March 30, 2022
Politics Blog: NDP-Liberal deal shows how minority governments are supposed to work

Ottawa – March 30, 2022 – Canadian politics, much like the politics of our southern neighbours, has come to resemble a hyper-partisan martial arts cage match, rather than an honest attempt to improve the lives of Canadians. Name-calling and unsubstantiated conspiracies have become the norm, instead of respectful debate and a genuine exchange of ideas.

In the 2021 Federal Election, a minority Liberal government was re-elected and for many Canadians there was an expectation that it was time for political parties to work together to address the serious issues facing the country. Those matters include climate change, inequality, Reconciliation, and the proper funding and expansion of health care. The need to address these issues was further highlighted by COVID-19, but until now little had been accomplished.

With a heart-felt desire to help people, NDP Leader Jagmeet Singh used the minority scenario to negotiate a Supply and Confidence Agreement with the government, securing a deal that goes a long way in tackling the problems that are plaguing Canadians from coast to coast. The agreement is NOT a coalition government, as the Conservatives have been quick to label it. A coalition government would mean full power sharing between the Liberals and the NDP, including seats at the cabinet table for the New Democrats. This deal allows the NDP to have an independent voice in Parliament but compels the party to support the government on issues and legislation that are matters of confidence. And if the government does not follow through on their commitments, the New Democrats can leave the agreement and vote against the government.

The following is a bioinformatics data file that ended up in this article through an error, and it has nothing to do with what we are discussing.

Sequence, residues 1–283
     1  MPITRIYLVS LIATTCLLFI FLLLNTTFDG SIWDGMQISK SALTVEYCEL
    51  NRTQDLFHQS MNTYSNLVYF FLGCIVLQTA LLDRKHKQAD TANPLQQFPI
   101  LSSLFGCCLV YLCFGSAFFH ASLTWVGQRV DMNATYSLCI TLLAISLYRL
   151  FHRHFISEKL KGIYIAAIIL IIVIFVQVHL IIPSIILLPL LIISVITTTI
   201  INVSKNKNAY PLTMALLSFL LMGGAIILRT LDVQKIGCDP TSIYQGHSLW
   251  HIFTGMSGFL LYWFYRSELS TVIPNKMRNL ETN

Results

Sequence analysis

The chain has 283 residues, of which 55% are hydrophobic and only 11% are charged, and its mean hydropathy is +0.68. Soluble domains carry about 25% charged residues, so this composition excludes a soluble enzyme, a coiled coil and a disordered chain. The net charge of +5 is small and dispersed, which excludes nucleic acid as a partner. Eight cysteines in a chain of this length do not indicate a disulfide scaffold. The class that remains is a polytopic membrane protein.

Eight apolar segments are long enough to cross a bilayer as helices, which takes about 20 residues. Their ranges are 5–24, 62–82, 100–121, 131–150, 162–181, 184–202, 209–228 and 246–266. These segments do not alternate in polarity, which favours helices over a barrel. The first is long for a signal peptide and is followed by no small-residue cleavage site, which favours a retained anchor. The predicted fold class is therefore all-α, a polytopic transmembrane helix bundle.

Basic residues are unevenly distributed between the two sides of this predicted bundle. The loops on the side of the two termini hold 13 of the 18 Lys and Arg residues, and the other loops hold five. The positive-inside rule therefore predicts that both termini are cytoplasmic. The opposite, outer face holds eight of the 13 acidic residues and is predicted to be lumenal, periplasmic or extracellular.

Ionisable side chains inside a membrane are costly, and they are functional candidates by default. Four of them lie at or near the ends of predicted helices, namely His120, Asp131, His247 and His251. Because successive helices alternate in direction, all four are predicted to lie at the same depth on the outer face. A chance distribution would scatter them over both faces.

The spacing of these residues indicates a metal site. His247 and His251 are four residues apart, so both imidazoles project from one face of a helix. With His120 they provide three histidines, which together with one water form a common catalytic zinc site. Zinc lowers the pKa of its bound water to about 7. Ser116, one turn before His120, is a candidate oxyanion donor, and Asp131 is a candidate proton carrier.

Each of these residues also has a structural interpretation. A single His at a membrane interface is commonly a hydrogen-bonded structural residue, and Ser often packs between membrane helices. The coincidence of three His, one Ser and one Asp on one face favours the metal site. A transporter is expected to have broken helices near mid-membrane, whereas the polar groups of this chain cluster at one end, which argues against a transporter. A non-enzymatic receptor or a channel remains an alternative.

As expected, the most negative voices in Parliament, the Conservatives, were quick to claim the agreement somehow usurps our democracy, and that it is a backroom deal meant to bring about socialism. Saskatchewan’s right-wing premier Scott Moe called it ‘an affront to democracy,’ displaying his ignorance of how our parliamentary system works.

Singh’s NDP have demonstrated exactly what minority governments are supposed to do: force political parties with different views to find common ground and work together. The agreement ensures that we are not on election alert, with the Liberals waiting for their best opportunity to call another election. Instead, the deal runs until 2025, a timeframe that would constitute the normal life of a majority government, and ensures that real actions are taken on issues like:

  • A comprehensive, universal pharmacare plan
  • A phased-in dental care plan for low-income Canadians
  • A safe, federal long-term care act
  • A homebuyers’ bill of rights
  • Federal anti-scab legislation
  • Reconciliation
  • And provisions to make it easier and more convenient for all Canadians to vote

History has shown that the smaller party in these agreements – the NDP in this case – often do not reap the benefits of what the deals achieve. But Jagmeet Singh was clear that his agreement is not about election prospects; it is about getting things done for Canadians. In a rare display in today’s political environment, Singh and the NDP have shown us exactly how a minority government is supposed to work.